This week we address the fifth in a series of questions that admitted graduate school students often ask with tips about relocating for a master's or doctoral program.
Now that you have been admitted, paid your enrollment deposit and started completing financial aid, registration and orientation papers, you may also be contemplating a move. Planning for this part of the process is very important.
1. Decide if you will live on or off campus: Most graduate schools offer a wealth of information on their admitted student websites about both of these options. There is also a housing office on every campus, which in some cases offers information on incoming or current graduate students looking for a roommate and also on local rental agencies.
Keep in mind that on-campus housing for graduate students is usually limited, and many international students pursue this option because of their desire to be near the institution, especially in the first year.
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2. Schedule a visit: Take time to thoroughly investigate your options to find the right on- or off-campus living arrangement. Ideally, you should visit the campus and surrounding community as soon after admission as possible.
This way you have more time to put in a housing application and confirm your arrangements. In addition, for on-campus housing, many institutions assign apartments on a first-come, first-serve basis.
3. Set your employment start date: If employment is part of the arrangement for you or your spouse or partner, try to schedule the start date a few weeks before orientation. That way you are not moving, beginning a new job and getting started with the new academic term all at the same time.
4. Determine when to move: Many students decide to move several months before the start of orientation, so as to allow plenty of time for adjustment.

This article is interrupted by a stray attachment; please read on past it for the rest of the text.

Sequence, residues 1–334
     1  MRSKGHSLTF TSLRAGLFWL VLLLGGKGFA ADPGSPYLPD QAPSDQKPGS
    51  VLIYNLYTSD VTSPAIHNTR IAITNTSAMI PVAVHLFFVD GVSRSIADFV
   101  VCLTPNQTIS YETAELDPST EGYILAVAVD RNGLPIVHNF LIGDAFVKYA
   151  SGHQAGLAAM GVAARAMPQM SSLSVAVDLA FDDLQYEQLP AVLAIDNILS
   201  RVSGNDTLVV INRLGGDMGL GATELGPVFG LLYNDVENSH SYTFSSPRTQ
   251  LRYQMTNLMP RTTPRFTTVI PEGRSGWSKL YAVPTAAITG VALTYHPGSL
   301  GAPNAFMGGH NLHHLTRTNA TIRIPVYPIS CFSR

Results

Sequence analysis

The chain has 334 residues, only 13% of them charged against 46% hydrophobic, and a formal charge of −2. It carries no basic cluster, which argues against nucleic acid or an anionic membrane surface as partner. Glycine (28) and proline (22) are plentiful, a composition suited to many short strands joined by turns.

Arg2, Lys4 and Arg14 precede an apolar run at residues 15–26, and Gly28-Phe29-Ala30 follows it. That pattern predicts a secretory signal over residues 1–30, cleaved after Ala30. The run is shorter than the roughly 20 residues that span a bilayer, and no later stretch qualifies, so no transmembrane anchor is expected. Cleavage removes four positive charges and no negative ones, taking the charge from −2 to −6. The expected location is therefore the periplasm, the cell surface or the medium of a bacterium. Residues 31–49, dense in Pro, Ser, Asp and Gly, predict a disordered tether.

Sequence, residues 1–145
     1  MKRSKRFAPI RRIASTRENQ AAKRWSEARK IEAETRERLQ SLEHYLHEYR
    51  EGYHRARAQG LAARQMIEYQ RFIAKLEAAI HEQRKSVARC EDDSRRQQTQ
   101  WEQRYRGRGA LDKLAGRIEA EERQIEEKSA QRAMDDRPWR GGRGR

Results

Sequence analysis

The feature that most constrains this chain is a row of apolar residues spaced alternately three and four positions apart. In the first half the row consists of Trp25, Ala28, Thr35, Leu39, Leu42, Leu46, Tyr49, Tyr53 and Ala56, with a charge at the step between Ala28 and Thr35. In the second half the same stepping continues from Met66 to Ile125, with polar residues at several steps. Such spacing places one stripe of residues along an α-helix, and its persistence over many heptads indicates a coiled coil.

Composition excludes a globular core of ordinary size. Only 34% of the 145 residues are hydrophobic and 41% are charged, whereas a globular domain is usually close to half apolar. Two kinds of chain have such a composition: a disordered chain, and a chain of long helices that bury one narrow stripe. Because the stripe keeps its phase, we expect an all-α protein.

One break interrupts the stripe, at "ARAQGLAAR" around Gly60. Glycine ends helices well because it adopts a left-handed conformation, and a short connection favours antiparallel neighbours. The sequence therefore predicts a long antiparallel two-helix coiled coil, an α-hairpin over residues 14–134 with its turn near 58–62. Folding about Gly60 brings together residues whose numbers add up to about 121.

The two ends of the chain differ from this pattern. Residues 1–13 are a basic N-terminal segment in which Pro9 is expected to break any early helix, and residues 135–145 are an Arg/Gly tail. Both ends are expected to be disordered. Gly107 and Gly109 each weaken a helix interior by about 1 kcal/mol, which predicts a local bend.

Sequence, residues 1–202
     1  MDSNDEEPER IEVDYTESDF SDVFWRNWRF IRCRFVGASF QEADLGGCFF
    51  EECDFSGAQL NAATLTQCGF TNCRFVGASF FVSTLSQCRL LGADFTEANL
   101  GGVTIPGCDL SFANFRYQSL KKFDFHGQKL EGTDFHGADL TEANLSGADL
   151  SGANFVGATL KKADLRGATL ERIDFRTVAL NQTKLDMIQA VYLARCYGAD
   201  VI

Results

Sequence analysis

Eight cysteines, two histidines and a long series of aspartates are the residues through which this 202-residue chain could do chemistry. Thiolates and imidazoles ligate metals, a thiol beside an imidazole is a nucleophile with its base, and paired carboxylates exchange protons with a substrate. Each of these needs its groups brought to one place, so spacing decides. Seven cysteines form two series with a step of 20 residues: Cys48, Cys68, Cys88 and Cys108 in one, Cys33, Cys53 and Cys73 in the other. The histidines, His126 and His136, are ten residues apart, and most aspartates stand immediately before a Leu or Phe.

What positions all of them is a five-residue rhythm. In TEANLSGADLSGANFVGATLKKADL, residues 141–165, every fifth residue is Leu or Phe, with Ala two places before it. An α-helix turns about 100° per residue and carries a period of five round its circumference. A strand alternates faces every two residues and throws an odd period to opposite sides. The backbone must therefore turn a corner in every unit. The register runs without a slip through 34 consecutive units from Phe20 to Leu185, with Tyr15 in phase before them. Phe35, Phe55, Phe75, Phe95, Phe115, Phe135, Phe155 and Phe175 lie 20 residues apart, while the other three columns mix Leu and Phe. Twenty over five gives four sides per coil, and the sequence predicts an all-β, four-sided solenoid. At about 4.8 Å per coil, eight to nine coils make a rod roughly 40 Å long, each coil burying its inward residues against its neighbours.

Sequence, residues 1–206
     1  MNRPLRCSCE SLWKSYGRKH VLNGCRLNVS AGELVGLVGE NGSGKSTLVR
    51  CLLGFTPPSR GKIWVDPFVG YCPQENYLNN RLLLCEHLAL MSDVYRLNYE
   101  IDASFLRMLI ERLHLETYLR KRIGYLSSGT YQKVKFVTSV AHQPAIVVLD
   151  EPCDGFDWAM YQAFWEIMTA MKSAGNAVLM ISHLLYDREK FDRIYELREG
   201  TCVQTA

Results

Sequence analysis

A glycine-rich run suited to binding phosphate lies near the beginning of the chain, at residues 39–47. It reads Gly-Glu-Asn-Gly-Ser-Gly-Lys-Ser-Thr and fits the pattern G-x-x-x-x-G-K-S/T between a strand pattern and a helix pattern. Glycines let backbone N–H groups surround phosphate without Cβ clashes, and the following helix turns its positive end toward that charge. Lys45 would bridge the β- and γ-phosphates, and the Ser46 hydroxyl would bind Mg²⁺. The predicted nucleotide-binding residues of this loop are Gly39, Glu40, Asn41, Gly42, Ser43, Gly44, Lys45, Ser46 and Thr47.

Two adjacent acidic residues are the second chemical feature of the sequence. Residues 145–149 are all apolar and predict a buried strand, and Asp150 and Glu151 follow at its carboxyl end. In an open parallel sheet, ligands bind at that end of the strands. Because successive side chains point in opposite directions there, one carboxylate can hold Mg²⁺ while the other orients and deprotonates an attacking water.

If you will be living in on-campus housing, however, you may not have as easy a time moving in much before the start of your term of enrollment. Many institutions use breaks in the academic calendar to perform maintenance on their residential facilities. This is especially true during the summer months, so plan accordingly.
5. Consider how you will move: Will you move yourself or hire a moving company? There are several things to keep in mind, including what kind of housing you are moving from and into.
Other questions to ask yourself include: Do you have the time to pack and move it all? Do you need helpers? Can you drive a rental truck, or do you know someone who can?
If you moving from or to a dorm, moving yourself is probably the way to go. A move between apartments or houses will be more complicated.
If you are moving heavy, awkward or expensive items - an antique armoire or a 250-pound heirloom desk, for example - you may want to have help from professional movers.
[Learn ways to save money on moving.]
6. Plan well ahead of time: If you'll be moving yourself, determine how many truck rental companies you will research and make sure to ask the important questions.
Find out how early you need to reserve a truck, how large a truck you need, what insurance is necessary and logistical details like time restrictions, pick-up and drop-off points and the cancellation policy. A good rule of thumb is to rent a slightly larger truck, just in case.
If you need help moving, do your homework when hiring a moving company. Ask friends and family for recommendations. Approach several companies and request a free home visit to receive accurate estimates.
Ask for a written contract and be sure you understand it. Most importantly, secure adequate insurance to cover any losses.
Part of the moving decision is cost, which is most always paid for by the student. Loans and scholarship funds are rarely considered part of the student's budget set by the institution each year, and therefore cannot be used to pay for moving expenses. Financial aid - which includes on-campus fellowships and grad work-study - from the institution takes effect with the start of the academic term.